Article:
It is no secret that blogging can be big business. The rise of user-friendly platforms like Blogger and WordPress has seen an influx of everyday people taking to their keyboards hoping to not only have their voices heard, but who are also looking to bump up their bank balance in the process.
The lure of online money and success is a strong one and while it has acted as an incentive for many, it has also prompted a flood of low quality, carbon-copy, and me-too blogs to hit the World Wide Web.
The pattern essentially goes as follows: someone identifies a popular niche – let’s say dating, for example – and they begin to blog, gather a following and eventually, through ad revenue and affiliate sales, earn some income as a result. Witnessing this success, a swarm of aspiring bloggers will then follow suit, using the first, successful blog as a template, emulating each and every step that was taken that lead to the initial blog’s spike in popularity.
Before you know it, there are thousands of dating blogs online, all looking exactly the same, offering the same information and providing minimal value to the average reader as a result.
What’s my point, you ask?
If you’re looking to carve out a career as a blogger – be it full time or not – sometimes it’s best to be a big fish in a small pond.
All profitable blogs have one vital thing in common: they’re unique. Whether it’s their content, their layout, the comment policy or even the products they recommend, all successful blogs today have something unique and interesting to offer their readers. This is what makes them successful and more often than not, anyone trying to blindly recreate this uniqueness is doomed to fail.
So, what can you do then? Should you toss in your blogging aspirations? Not exactly.
The Internet is saturated with blogs. That’s an inescapable fact. You aren’t going to make a fortune from broadly writing about technology or being a parent or even by doing movie reviews. All of this has been done – to death. Thriving in this enormous sea of blogs comes down to one, fundamental thought process, in my opinion: think smaller.
If you’ve never heard of a micro niche before then I suggest you jump onto Wikipedia because it might just be the piece of terminology that redefines the way you approach blogging and could be the difference between your blog blowing up or going bust. Essentially though, a micro niche is a niche within a niche (don’t worry; I’m not going to go all Inception on you here!)
Let’s use our dating example from earlier. Let’s say you’re really passionate about starting a dating blog, although we already know that the Internet is littered with them. Instead of giving up, let’s look deeper and ‘think smaller’, or more accurately, think in a more refined way. Perhaps you’re a Scientologist; there are a lot less Scientology-based dating blogs online, perhaps you refine your niche and focus on that specific subsection of dating?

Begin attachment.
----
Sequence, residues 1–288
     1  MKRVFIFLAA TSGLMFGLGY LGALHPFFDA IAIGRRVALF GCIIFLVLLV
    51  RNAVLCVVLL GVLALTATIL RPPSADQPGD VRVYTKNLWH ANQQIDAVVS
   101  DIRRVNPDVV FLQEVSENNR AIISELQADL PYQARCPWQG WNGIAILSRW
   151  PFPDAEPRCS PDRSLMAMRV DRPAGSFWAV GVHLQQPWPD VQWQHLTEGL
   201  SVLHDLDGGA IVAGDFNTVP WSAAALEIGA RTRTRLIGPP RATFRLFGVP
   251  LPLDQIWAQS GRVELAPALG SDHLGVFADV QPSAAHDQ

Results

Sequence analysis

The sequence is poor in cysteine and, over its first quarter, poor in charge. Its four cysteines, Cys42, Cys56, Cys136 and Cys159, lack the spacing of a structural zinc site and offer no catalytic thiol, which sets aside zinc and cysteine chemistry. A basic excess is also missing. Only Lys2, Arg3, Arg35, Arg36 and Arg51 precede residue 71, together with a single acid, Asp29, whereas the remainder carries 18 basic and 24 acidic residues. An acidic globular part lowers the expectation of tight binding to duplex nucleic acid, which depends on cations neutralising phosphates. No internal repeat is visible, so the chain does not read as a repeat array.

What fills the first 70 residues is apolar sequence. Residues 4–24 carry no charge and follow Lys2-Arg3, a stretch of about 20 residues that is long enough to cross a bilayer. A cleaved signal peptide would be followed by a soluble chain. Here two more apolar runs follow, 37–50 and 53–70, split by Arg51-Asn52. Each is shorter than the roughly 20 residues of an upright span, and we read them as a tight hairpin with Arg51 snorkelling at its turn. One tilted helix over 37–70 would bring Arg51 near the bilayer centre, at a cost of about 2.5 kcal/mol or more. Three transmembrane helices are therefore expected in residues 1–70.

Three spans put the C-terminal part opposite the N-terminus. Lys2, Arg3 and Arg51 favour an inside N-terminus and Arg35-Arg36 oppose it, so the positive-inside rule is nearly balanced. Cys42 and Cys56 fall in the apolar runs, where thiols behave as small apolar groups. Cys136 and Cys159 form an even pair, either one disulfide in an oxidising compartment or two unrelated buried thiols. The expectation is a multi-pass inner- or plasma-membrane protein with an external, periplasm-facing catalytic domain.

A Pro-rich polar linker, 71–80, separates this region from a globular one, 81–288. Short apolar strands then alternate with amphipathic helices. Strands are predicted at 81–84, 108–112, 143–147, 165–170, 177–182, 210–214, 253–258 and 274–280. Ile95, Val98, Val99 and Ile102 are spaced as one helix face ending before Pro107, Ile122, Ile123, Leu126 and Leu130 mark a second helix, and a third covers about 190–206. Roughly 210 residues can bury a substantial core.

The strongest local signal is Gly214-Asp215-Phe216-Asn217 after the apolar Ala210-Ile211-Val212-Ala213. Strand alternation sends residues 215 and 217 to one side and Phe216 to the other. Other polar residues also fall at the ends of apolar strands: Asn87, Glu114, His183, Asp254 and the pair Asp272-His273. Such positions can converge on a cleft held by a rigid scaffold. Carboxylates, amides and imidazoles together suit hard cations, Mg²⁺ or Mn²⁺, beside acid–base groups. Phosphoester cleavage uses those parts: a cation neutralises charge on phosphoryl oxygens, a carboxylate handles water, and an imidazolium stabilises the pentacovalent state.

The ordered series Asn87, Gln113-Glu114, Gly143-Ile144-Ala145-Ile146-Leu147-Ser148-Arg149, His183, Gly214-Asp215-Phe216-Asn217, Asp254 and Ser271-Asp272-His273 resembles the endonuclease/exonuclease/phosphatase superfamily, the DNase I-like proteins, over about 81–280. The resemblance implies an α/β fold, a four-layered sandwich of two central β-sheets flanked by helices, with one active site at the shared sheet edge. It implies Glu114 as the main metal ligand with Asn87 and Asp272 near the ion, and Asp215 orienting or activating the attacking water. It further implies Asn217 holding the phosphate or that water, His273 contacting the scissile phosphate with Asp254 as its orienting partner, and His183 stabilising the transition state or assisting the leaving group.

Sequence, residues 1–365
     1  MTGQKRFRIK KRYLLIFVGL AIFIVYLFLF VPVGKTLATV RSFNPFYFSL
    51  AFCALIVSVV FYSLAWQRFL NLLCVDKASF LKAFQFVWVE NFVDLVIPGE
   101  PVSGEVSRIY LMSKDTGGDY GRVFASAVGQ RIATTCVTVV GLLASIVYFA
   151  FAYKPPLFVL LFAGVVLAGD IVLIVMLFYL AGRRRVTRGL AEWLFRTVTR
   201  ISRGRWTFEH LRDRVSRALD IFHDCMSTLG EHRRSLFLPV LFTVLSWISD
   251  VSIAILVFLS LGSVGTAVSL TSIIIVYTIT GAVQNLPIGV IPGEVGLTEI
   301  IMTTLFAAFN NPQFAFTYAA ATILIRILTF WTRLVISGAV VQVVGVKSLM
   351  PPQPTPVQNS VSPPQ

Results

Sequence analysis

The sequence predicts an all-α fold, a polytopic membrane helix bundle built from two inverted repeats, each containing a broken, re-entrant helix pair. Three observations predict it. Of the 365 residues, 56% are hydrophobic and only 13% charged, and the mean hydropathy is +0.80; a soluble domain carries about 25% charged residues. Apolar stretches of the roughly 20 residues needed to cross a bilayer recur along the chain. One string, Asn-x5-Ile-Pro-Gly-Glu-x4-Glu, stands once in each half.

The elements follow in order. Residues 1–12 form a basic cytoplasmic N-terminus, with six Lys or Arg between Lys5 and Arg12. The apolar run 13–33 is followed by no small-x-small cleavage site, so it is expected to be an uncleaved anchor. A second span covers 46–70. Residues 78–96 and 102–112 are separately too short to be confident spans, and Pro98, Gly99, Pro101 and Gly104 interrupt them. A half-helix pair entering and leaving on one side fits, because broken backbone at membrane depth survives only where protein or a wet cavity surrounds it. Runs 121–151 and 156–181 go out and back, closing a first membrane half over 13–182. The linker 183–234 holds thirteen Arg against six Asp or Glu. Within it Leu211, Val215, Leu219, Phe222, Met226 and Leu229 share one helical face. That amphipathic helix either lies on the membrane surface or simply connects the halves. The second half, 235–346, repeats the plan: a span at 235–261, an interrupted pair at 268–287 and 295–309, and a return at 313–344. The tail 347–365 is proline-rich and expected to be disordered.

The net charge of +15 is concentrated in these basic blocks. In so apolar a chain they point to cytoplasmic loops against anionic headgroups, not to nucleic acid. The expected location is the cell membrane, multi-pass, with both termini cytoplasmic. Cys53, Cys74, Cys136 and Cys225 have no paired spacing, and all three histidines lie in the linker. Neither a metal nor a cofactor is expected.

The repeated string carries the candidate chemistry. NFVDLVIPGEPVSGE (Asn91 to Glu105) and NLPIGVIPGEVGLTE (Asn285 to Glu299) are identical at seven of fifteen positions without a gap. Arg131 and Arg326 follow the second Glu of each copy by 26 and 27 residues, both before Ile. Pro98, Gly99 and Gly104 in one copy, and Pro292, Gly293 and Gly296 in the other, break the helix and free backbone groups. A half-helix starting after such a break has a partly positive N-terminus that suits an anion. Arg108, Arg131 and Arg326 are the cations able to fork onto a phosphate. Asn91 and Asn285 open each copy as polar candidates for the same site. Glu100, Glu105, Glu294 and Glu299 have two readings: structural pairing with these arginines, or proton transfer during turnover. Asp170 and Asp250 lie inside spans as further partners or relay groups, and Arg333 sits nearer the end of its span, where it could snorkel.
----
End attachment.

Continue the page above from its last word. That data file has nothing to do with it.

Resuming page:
The same principal can be applied to practically any type of niche. If you’re a Mom with twins, why start a stock-standard ‘Mom Blog’ when you can launch a site dedicated to all things Twins?
If you’re a movie fan who has a particular taste for the classics, wouldn’t it be better to be the small fish and target all of those people out there, like you, interested in Oscar-winning film reviews?
There is money to be made in blogging – today just as much as ever – you just need to refine your specialty in order to ensure you don’t just drown in a sea of similarity.
Some may argue that thinking smaller is a defeatist mindset, however, in a sea that is absolutely infested with fish – most exactly like you – wouldn’t it be nice (and not to mention, potentially much more profitable,) to simply hop on over to a smaller pond?
Author Bio:- Darcy Stach has carved out a career as a published freelance journalist for almost a decade. A tech aficionado, blog adviser and avid video game enthusiast, Darcy runs her own site dedicated to discussing which is the best pc flight simulator” – a video game genre which has been her favourite since she was a teen. If you’re interested in reading more of her work, you can check the site out.